Illustration of Gravimetry

1671 Gravimetry

The book of science

Tom Sharp

Jean Richer geodesy Illustration of Gravimetry


Jean Richer was the first to observe that the force of gravity changes over Earth’s surface. Cassini sent Richer to French Guiana to observe Mars during its perihelic opposition. There Richer also measured the length of the seconds pendulum and was surprised to find that it was shorter than in Paris.

Earth’s shape

Isaac Newton later established that gravity between two objects varies as the inverse square of the distance between them and Newton was the first to conclude that Earth’s surface near the equator is farther from Earth’s center than in Paris. Earth’s shape is an oblate spheroid. A cross-section from pole to pole is a bumpy ellipse.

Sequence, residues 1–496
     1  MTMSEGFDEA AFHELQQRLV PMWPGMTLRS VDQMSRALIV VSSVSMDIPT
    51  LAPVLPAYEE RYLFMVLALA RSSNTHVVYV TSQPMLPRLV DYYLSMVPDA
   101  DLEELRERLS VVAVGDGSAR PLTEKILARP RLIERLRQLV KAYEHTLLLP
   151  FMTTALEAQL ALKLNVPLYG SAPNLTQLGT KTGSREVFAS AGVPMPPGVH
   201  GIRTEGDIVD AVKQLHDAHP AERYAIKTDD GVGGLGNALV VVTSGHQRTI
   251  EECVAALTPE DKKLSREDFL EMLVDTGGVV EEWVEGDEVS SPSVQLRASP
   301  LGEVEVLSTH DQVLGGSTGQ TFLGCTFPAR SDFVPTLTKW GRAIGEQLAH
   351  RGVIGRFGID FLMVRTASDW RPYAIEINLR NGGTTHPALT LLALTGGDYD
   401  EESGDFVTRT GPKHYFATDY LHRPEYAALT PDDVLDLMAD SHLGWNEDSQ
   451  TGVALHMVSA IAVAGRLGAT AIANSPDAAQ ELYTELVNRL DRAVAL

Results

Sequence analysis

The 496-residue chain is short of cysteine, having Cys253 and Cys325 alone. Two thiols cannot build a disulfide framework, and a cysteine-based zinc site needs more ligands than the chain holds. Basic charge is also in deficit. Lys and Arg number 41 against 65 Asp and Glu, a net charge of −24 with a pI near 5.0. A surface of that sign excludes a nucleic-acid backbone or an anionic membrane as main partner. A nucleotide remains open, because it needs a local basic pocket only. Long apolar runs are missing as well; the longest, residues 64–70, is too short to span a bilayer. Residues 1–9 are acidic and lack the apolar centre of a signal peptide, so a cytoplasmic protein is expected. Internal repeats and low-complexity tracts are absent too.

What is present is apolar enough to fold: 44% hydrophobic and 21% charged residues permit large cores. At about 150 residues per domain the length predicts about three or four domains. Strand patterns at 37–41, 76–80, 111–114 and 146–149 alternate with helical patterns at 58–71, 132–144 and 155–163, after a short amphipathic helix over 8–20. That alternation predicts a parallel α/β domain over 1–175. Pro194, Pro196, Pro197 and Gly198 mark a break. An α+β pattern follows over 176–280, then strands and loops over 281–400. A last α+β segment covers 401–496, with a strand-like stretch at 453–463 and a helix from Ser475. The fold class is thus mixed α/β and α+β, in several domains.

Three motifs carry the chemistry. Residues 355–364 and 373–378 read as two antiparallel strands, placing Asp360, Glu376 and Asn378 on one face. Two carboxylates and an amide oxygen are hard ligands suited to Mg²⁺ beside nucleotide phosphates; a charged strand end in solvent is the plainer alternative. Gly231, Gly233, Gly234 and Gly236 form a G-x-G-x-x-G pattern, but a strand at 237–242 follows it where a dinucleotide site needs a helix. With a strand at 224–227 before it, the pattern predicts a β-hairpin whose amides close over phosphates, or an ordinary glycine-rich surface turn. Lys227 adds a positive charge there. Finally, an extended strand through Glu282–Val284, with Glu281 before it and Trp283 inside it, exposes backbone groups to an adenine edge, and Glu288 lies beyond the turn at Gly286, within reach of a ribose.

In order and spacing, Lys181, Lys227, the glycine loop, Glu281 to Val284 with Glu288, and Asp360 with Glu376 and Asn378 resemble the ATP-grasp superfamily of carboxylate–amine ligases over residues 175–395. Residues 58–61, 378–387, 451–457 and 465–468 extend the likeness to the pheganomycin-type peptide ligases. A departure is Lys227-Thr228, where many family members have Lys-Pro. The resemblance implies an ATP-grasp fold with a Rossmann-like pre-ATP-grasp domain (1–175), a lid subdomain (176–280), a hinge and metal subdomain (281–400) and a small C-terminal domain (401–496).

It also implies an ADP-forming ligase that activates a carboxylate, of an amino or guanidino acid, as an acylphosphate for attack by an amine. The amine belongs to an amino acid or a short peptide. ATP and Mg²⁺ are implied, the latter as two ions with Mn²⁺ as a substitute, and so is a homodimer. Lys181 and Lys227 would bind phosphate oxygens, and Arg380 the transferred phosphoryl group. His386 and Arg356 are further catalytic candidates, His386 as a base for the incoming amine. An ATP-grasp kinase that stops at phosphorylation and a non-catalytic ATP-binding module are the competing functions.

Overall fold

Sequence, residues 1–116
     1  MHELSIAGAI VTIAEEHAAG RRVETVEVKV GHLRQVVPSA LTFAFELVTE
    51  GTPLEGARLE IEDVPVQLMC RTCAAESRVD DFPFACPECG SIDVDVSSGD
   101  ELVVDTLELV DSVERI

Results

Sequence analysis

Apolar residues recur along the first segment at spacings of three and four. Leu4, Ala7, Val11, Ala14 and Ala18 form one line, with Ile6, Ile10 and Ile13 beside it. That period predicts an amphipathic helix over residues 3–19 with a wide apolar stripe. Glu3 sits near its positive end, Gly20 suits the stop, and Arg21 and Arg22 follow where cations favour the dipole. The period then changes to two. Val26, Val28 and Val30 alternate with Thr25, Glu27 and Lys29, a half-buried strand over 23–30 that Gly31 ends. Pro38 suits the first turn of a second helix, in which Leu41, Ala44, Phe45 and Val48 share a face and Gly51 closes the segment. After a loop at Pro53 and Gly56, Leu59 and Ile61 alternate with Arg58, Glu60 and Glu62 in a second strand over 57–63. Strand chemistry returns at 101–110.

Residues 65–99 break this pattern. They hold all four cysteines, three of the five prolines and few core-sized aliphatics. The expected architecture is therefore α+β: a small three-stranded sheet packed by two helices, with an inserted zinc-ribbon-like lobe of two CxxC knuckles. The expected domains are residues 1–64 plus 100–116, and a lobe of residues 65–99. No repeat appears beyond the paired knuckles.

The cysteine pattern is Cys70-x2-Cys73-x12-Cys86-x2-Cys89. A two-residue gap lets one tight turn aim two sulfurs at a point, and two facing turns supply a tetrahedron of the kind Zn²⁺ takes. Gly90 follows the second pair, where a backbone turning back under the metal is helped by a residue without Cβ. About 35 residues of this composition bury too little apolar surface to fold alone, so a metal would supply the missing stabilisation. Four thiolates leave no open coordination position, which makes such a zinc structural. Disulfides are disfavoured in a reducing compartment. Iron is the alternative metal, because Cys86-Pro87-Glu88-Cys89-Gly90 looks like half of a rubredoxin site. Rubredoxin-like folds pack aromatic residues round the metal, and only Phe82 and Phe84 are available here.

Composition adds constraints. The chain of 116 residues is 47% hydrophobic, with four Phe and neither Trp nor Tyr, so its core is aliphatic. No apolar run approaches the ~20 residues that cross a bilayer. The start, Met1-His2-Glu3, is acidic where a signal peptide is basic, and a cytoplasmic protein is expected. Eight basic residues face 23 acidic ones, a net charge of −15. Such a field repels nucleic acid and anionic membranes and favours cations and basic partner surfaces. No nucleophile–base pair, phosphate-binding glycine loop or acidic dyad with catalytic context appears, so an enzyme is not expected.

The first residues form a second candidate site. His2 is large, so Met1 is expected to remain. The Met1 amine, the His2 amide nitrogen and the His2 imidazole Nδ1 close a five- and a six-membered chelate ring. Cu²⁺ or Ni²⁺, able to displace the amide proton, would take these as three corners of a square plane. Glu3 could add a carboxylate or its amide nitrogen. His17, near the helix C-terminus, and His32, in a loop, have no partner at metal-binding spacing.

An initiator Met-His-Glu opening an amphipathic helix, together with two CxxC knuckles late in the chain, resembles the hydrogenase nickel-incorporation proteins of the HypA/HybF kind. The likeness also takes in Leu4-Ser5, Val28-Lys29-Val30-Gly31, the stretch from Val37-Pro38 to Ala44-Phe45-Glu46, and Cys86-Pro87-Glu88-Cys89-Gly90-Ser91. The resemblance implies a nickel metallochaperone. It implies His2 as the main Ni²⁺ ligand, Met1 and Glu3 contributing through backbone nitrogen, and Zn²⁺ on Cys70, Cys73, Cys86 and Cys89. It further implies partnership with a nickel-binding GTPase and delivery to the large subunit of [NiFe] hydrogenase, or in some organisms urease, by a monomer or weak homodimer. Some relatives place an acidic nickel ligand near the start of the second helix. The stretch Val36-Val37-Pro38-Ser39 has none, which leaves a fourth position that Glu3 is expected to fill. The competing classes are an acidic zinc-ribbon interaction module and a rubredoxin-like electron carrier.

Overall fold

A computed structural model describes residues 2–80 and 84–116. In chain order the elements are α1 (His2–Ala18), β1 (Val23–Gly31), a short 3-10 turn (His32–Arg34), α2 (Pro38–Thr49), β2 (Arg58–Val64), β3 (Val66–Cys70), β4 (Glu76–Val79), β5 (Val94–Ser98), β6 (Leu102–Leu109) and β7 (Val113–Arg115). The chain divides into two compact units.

Local topography deviates from the earth’s ideal oblate spheroid although by very small degrees. Local persons sometimes deviate from let’s call it the normal, not the ideal, thoroughly and dramatically.

The diameter of the earth at its equator is forty-three kilometers greater than the diameter at its poles. This seems like a good distance; however, the top of Mount Everest deviates from the ideal radius of the earth only 0.14%. When calculating the local g, one has to remove the effects of altitude and local topography.

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